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PLO Official: Al-Nusra among factions preventing Yarmouk siege relief


 Local

2014-01-08

 
 


Four rebel factions remain in Yarmouk in violation of an agreement to secure peace for the beleaguered Palestinian refugee camp in Damascus, a PLO official said Tuesday, according to Ma'an News Agency.

PLO executive committee member Ahmad Majdalani told Ma'an News that four factions remain in the Yarmouk camp in Damascus, despite the fact that nine factions -- including the four -- previously signed an agreement promising to withdraw. 

The factions are Jebhat al-Nusra, The Islamic State of Iraq and The Levant (ISIL), Ibn Taymiyya, and a fourth unnamed faction, he said, referring primarily to a number of Wahhabi militant groups opposed to the Syrian regime. 

The withdrawal of the factions is meant to allow the camp to become a neutral zone and to pressure the Syrian regime to end the 7-month-long siege of the camp, which has led to at least 30 deaths from starvation. 

Al-Majdalani added that militants refuse to leave the camp because of their "political agendas," in an attempt to scuttle any possible agreement and thus to keep the camp in their hands.

Al-Majdalani announced that a delegation including himself, the head of the PLO refugees' department Zakaria Agha, and Jordanian PLO member Bilal Qassim, will head to Syria in an official visit on Tuesday.

They will meet political and security officials, Palestinian officials and Palestinian faction leaders as part of the visit.

"The delegation will try to pressure (officials) into opening safe passages for the entrance of medical and food supplies to the camp's population of around 20,000 Palestinian refugees," he said according to Ma'an New.

Al-Majdalani explained that the Palestinian Authority sent aid to the camp but it had not been allowed to enter because of the continued presence of militants in the camp.

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Yarmouk Refugee Camp, photo by Agencies

He added that militants are determined to keep the camp because of its strategic position, as it is considered a gateway into Damascus.

UNRWA spokesman Chris Gunness told Ma'an Tuesday that the UN agency has "long supported strenuous international calls for a ceasefire and for the siege of Yarmouk to be lifted in accordance with international law and for the parties to the conflict to abide by international law obligations to respect civilian life. We again urge that these calls are heeded."

"In addition to the lifting of the siege, we require immediate and sustained humanitarian access so that we can bring succor to the needy and the malnourished; and thereafter we need to resume our humanitarian program fully. We are particularly concerned about the plight of some 20,000 people who remain in the camp, among them women and children. Given reports of starvation breaking out in the camp, time is running out."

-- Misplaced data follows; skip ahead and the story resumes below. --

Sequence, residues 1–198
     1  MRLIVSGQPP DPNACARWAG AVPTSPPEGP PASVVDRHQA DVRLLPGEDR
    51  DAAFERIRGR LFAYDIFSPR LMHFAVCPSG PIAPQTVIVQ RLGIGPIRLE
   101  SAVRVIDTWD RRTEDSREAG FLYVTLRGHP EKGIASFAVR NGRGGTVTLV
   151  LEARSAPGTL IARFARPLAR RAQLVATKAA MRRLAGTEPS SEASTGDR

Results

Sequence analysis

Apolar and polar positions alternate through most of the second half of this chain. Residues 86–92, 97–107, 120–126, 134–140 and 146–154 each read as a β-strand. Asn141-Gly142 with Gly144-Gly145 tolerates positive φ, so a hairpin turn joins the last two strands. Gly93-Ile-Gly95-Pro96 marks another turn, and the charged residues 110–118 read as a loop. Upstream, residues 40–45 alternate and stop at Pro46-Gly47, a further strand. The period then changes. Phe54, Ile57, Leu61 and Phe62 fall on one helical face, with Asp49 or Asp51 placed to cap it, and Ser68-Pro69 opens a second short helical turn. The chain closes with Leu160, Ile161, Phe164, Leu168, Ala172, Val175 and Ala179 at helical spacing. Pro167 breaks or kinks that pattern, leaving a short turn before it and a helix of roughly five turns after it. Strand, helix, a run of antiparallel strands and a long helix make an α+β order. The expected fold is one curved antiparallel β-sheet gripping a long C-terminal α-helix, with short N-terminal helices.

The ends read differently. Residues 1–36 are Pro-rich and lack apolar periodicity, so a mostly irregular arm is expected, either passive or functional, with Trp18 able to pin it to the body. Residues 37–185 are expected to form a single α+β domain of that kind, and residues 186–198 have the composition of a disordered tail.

After rebels seized control of Yarmouk in December 2012, the camp became embroiled in the armed fighting taking place across Syria and came under heavy regime assault.

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Regime forces eventually encircled the camp and in July imposed a siege on the camp, leading to a rapid deterioration of living conditions.

In recent weeks, reports of death due to starvation have numbered in the dozens.

Fatah leader Abbas Zaki told Ma'an in mid-October that Yarmouk's population of 250,000 had dwindled to 18,000 after two and a half years of conflict in Syria.

The Syrian conflict, which began as peaceful protests in March 2011 but developed into a civil war, has killed more than 120,000 people and prompted millions to flee their homes.





Yarmouk Refugee Camp was established in 1957 on an area of 2.11 square kilometers in the city of Yarmouk in Damascus, the capital of Syria, to accommodate #Palestinian refugees. Despite the fact they have the right to return to the Occupied Territories by virtue of the UN Resolution #194 which grants them the right of return to their homes they left in 1948, but they are not allowed because of #Israel’s arbitrariness and the siege they are suffering from now under the ruling or Bashar Al Assad.

According to Abou Nasser, while some youth in the camp organized in support of the Syrian opposition, “Yarmouk remained neutral the first year of the Syrian_Revolution,” amid “public awareness and consensus that the camp should be left out” of the conflict.

But according to Abou Nasser the situation began to shift when members of the PFLP-GC fired on camp residents holding funerals for family members killed by Israeli forces as they took part in a march at the border in June 2011 commemorating the 1967 war.

About 20,000 Palestinian refugees are currently in the camp. They have faced a siege by the Syrian army since the summer without access to food, medicine or other supplies. (With Agencies)



Zaman Alwasl
 

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